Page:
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Discover people, events and circumstances that helped chart the course of the Chabad chassidic movement.
A story with a living lesson
Once, in the middle of the night, one of the Mitteler Rebbe’s children fell out of bed. Entirely engrossed in his studies, he did not hear the child’s cries. However, his father, the Alter Rebbe, heard the cries, closed his Torah books, and went to comfort the child. The Alter Rebbe later said to his son: no matter how deeply immersed you are in holy pursuits, when a child cries you must hear it; you must stop what you’re doing and soothe their pain.
It happened once on Shabbos that in the midst of prayer, the Alter Rebbe removed his Tallis and went to the edge of the town. There, he found a woman who had just given birth. The Alter Rebbe had sensed that she needed help...
The Alter Rebbe would read the Torah in public. One year, he was away during the Torah reading of Ki Savo, and his young son and future successor, Rabbi Dovber, heard someone else read the portion, which includes G-d’s severe rebuke of the Jewish people. The son became so distressed that he fainted, and weeks later it was still questionable whether he’d be able to fast on Yom Kippur. The chasidim later asked him: “In previous years you didn’t faint; what happened this year?” The boy responded, “When father reads it, I don’t hear curses.”
Once, after Rosh Hashanah prayers, the Alter Rebbe asked his son, the Mitteler Rebbe, “With what meditation did you pray this Rosh Hoshanah?” He replied, “With the verse, ‘All mankind shall prostrate themselves before You’.” Then the Mitteler Rebbe asked his father, “With what meditation did you pray?” The Alter Rebbe responded, “I prayed with my lectern.”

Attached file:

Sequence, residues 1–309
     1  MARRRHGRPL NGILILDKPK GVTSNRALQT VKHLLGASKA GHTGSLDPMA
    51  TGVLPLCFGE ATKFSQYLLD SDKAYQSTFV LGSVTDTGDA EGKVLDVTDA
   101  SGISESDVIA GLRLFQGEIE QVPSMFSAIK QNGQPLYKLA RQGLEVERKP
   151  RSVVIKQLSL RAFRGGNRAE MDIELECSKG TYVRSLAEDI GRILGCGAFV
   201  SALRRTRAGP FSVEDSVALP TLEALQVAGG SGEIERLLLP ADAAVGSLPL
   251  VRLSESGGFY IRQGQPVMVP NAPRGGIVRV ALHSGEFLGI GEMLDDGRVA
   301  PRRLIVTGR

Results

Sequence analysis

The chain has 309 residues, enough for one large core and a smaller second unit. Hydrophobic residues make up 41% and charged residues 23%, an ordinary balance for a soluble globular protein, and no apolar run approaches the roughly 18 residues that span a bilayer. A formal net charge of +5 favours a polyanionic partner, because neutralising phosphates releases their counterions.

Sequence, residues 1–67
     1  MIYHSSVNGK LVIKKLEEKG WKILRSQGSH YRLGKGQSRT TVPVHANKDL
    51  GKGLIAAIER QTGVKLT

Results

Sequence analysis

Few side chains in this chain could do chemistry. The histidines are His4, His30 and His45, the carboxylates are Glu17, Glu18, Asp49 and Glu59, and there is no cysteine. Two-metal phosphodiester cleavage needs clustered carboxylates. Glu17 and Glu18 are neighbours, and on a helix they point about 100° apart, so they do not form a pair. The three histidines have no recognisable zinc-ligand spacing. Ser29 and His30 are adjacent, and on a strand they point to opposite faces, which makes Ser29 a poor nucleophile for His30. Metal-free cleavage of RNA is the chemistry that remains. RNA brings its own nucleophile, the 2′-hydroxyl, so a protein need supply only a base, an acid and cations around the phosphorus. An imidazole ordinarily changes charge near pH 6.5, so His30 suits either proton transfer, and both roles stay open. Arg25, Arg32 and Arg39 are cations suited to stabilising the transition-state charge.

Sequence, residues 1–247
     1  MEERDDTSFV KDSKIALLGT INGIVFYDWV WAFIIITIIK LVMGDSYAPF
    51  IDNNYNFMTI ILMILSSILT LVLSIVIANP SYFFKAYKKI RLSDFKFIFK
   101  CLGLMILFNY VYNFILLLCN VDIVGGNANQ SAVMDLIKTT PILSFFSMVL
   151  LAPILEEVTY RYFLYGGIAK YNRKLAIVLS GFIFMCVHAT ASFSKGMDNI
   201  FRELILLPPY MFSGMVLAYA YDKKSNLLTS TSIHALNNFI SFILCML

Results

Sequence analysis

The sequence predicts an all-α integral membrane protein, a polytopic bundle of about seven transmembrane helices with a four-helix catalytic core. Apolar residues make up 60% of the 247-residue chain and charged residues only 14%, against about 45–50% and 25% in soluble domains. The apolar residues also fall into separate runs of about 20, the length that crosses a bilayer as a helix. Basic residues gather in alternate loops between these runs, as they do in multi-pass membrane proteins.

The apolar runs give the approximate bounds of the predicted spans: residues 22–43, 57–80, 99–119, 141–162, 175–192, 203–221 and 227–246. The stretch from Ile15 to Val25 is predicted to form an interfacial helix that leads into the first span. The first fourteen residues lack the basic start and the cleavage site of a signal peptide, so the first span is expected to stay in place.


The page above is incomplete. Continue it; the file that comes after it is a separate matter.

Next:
“You speak of all that you need. But you say nothing of what you are needed for . . .”
But when the much-contested dish finally reached the table, he was unable to continue past the first spoonful.
Rabbi Yehuda Leib Schapiro heard Rabbi J.B. Soloveitchik retell the story of the Alter Rebbe’s attempt to visit the Vilna Gaon, as it had been passed down through his own family, all the way back to the Gaon’s chief disciple.
“Do you believe that the Torah is eternal?” asked the Rebbe. “Do you believe that its every word applies to every individual, under all conditions, at all times?”
Matter before spirit?
“Fire consumes fire,” said the Rebbe. “The ‘fiery law’ of Torah will consume the fever induced by the frost . . .”
"What can I do?" replied the innkeeper. "This is my livelihood. There is nothing for me to do in the city."
"How many Jewish households are there in the city?" I asked
"In Vilna one was taught how to study," recalled the Rebbe. "In Mezeritch one could learn how to pray..."
Detractors to chasidism still point to the Vilna Gaon’s opposition as the basis upon which they rely. But would the Vilna Gaon count himself among them today? (from a 1963 encounter)
The life, teachings and works of Rabbi Schneur Zalman of Liadi, founder of Chabad.